Surveys such as these are biased, ask leading questions, are rarely complied by qualified statisticians, and are completed by a narrow set of respondents. All they do is cloak the stories and anecdotes with a veneer of what seems to be objectivity. They are of no real scientific value.

If engagement or experience were to be objectively measured it would require a measurable definition and then either objective, third-party research with a control group or a longitudinal study involving a large sample complied over time to see what makes a difference. I have seen none of these done, and it would be tough to do it, which is most likely why it has not been done.

Closing Rates

Does having a good experience or being engaged result to more people being hired from a given set of candidates? Where is the evidence that this is the case? Any single recruiter can make that claim, but is it verifiable? Does it apply year after year? Does it apply to more than one recruiter/firm? Can we make a generalization from it?

Candidate Quality

Does having a good experience or being engaged result in better candidates? How do we define quality? Again, there is no accepted, measurable definition of candidate quality that I have seen. There are mounds of anecdotes, but there were mounds of anecdotes and case studies proving that sanitariums and sunshine cured tuberculosis. Anecdotes are not evidence.

We are a long way from showing that a positive experience or engaged candidates are any better than those who were not particular engaged or from those who had a bad experience. Spending time and money on unproved theories is not only wasteful, it can divert us from doing things that make a bigger difference — learn about the business, anticipate future needs, build relationships, and work with hiring managers to set realistic requirements.

Kevin Wheeler is a globally known speaker, author, futurist, and consultant in talent management, human capital acquisition and learning & development. He has founded a number of organizations including the Future of Talent Institute, Global Learning Resources, Inc. and the Australasian Talent Conference, Ltd. He hosts Future of Talent Retreats in the U.S., Europe, and Australia. He writes frequently on LinkedIn, is a columnist for, keynotes, and speaks at conferences and events globally, and advises firms on talent strategy. He has authored two books and hundreds of articles and white papers. He has a new book on recruiting that will be out in late summer of 2016. Prior to his current work, he had a 20+year corporate career in several San Francisco area tech and financial service firms. He has also been on the faculty of San Francisco State University and the University of San Francisco. He can be reached at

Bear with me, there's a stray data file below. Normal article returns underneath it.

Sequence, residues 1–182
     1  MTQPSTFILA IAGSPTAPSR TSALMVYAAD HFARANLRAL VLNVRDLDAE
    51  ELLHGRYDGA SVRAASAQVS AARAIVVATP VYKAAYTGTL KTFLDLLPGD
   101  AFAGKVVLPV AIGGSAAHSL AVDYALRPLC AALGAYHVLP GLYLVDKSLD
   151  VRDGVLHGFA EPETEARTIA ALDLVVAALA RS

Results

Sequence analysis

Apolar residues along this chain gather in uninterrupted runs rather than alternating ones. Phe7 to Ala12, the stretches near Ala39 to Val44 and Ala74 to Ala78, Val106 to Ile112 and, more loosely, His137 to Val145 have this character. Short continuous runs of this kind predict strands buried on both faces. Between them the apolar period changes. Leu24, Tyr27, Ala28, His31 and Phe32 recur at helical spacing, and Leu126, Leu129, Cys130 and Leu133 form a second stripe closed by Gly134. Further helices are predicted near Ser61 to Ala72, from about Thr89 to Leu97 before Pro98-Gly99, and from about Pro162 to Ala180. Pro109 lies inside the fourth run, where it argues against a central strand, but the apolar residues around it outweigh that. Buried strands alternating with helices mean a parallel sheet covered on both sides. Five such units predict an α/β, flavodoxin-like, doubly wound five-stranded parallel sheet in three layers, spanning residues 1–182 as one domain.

6 Comments on “The Hype of Candidate Engagement and Candidate Experience

  1. Couldn’t agree more Kevin. Intuitively better candidate engagement and experience sounds good of course. But where is the evidence it actually makes the difference? We need tools that allow us to track candidate experience and compare to post-hire candidate quality. Lots of new survey and engagement tools. But I’ve only seen one ( ) that links the experience a candidate has, and post-hire performance.

    1. I think the interview process is less important than the 90 day on-boarding period. Interview processes don’t have the reputation of being enjoyable, so candidates’ expectations aren’t that high to begin with. If the candidate chose your company, your interview process did its job by selling the next step. They had other options, so that’s a clear measure of how much it makes a difference. However, those first 90 days on the job are critical and can set the tone.

  2. Hi Kevin. In response to “I have seen none of these done, and it would be tough to do it, which is most likely why it has not been done.” then you might want to look at who do exactly that objective, long term, high sample size work. They’ve been going for some years and work with several large enterprises…so I would argue some organisations are maturing in this area and are taking scientific steps to understand and improve CX. I’d also be interested in what you think of The Candes who are also have use large sample sizes and have a data platform built specifically to mine for real insight.